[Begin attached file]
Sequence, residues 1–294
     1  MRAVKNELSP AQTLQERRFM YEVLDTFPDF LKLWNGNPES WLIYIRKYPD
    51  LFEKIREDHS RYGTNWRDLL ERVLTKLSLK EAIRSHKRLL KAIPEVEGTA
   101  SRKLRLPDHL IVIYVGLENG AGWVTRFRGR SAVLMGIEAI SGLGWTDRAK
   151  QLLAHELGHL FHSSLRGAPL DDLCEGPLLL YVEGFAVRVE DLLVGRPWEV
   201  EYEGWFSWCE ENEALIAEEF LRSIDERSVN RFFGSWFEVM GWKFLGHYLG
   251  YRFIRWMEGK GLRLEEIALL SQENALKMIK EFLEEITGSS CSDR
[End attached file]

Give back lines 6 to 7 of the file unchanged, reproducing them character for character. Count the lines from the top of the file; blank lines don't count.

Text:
   201  EYEGWFSWCE ENEALIAEEF LRSIDERSVN RFFGSWFEVM GWKFLGHYLG
   251  YRFIRWMEGK GLRLEEIALL SQENALKMIK EFLEEITGSS CSDR